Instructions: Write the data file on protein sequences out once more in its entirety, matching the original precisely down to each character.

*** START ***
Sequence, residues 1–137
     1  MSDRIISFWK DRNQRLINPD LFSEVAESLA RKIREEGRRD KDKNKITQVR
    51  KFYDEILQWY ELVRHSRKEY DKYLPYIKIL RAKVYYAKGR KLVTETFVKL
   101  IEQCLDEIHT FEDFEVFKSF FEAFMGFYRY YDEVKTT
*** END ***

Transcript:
Sequence, residues 1–137
     1  MSDRIISFWK DRNQRLINPD LFSEVAESLA RKIREEGRRD KDKNKITQVR
    51  KFYDEILQWY ELVRHSRKEY DKYLPYIKIL RAKVYYAKGR KLVTETFVKL
   101  IEQCLDEIHT FEDFEVFKSF FEAFMGFYRY YDEVKTT